swissworld.org - Switzerland's official information portal

swissworld.org - Switzerland's official information portal

Your Gateway to Switzerland

Horace-Bénédict de Saussure

Horace-Bénédict de Saussure heads up Mont Blanc with his team of helpers in 1787 (in new window)

Horace-Bénédict de Saussure heads up Mont Blanc with his team of helpers in 1787. The last guide is carrying a charcoal stove. Contemporary engraving by Chrétien de Méchel© Conservatoire d'art et d'histoire Annecy

Horace-Bénédict de Saussure (1740 - 1799) was a pioneer of rational exploration of the Alps. He has been described as the "inventor of climbing": he offered a reward of 20 thalers to the first person to conquer Mont Blanc, a feat eventually achieved in 1786, 26 years after he first made his offer. Saussure himself also made it to the top the next year. At the summit he tested the boiling point of water, the temperature of the snow and the pulse of his guides.

For a man who had spent so long investigating the mountains, the venture was entirely justified. As he said himself, looking down on the peaks below: "I could see how they fitted together, their relationship to each other, their structure, and a single glance dissipated doubts which years of work had not been able to clarify."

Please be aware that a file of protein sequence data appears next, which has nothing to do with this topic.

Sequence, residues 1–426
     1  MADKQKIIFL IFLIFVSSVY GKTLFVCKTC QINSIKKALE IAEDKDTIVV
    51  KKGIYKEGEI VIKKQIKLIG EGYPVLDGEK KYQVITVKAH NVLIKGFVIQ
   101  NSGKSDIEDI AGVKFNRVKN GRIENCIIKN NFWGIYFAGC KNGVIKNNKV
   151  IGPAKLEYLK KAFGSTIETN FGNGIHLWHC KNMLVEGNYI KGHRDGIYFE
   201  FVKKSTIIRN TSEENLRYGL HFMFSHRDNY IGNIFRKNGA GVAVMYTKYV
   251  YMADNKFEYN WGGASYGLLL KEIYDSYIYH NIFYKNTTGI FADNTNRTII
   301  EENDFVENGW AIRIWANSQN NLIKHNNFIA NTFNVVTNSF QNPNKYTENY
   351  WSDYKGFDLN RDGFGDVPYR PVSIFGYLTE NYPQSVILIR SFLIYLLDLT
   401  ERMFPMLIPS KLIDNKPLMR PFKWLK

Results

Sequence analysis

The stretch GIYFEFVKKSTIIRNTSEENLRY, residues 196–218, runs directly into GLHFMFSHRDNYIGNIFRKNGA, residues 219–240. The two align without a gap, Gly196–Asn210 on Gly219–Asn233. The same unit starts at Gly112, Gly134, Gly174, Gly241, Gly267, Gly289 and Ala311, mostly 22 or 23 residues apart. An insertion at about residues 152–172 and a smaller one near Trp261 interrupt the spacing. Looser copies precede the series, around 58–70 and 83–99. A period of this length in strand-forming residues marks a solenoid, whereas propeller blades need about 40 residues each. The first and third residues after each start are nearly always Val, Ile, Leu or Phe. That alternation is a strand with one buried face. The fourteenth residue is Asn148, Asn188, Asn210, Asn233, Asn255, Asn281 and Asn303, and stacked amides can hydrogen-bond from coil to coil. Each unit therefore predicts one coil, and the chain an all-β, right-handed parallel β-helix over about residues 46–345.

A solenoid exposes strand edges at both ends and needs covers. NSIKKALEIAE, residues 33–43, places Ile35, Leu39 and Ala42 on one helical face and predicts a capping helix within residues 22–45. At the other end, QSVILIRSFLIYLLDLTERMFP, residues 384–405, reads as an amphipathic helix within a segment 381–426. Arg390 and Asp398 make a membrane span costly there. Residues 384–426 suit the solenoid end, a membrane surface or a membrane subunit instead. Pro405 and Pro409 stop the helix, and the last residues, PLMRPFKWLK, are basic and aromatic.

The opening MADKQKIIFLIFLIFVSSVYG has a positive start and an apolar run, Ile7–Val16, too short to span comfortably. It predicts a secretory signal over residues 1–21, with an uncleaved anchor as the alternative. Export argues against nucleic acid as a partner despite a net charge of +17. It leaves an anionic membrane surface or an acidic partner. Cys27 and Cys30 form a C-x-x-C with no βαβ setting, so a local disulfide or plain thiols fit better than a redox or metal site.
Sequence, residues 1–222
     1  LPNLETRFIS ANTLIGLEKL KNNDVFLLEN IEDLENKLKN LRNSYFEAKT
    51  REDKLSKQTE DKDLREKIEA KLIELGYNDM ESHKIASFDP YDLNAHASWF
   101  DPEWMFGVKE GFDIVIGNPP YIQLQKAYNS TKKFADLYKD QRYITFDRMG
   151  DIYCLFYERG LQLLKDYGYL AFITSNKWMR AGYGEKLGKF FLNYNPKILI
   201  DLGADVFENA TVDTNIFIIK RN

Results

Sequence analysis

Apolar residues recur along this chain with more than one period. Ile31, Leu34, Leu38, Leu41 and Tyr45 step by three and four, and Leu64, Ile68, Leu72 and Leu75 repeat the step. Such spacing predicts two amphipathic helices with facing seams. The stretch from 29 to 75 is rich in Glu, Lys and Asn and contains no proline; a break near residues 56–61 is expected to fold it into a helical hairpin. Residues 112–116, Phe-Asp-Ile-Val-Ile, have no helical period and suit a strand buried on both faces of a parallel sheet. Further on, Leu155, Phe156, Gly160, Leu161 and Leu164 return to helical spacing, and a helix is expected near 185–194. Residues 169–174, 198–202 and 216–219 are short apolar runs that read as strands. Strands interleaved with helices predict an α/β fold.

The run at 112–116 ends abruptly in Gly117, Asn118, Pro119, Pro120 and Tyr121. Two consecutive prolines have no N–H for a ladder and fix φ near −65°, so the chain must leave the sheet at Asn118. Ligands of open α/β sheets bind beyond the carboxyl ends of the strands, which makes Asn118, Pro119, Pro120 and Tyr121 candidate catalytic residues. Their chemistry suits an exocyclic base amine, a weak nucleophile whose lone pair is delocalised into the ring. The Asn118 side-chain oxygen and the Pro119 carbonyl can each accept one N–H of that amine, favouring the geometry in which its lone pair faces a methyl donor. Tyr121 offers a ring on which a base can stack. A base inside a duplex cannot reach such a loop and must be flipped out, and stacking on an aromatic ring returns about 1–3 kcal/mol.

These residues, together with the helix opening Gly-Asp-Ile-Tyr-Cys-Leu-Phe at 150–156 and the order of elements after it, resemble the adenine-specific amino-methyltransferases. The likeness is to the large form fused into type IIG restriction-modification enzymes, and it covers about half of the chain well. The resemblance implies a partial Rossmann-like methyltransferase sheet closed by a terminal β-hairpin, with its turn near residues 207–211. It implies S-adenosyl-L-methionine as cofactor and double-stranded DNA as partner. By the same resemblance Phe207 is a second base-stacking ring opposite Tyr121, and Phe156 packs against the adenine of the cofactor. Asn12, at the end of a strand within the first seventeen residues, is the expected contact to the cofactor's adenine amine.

He did not travel light. He not only needed a considerable amount of scientific equipment, food for himself and his guides and a tent, but - according to his list of "items to be taken to Mont Blanc" - his clothes included 2 frock coats, a number of waistcoats, 2 night shirts, 3 pairs of shoes and some slippers and 2 cravats, and he needed not only a bed and blanket, but also a mattress and curtain. Among the books he took to his base camp was Haller's guide to Swiss flora.

Saussure was portrayed on the 20 franc note of the 1976 series.

Links to other websites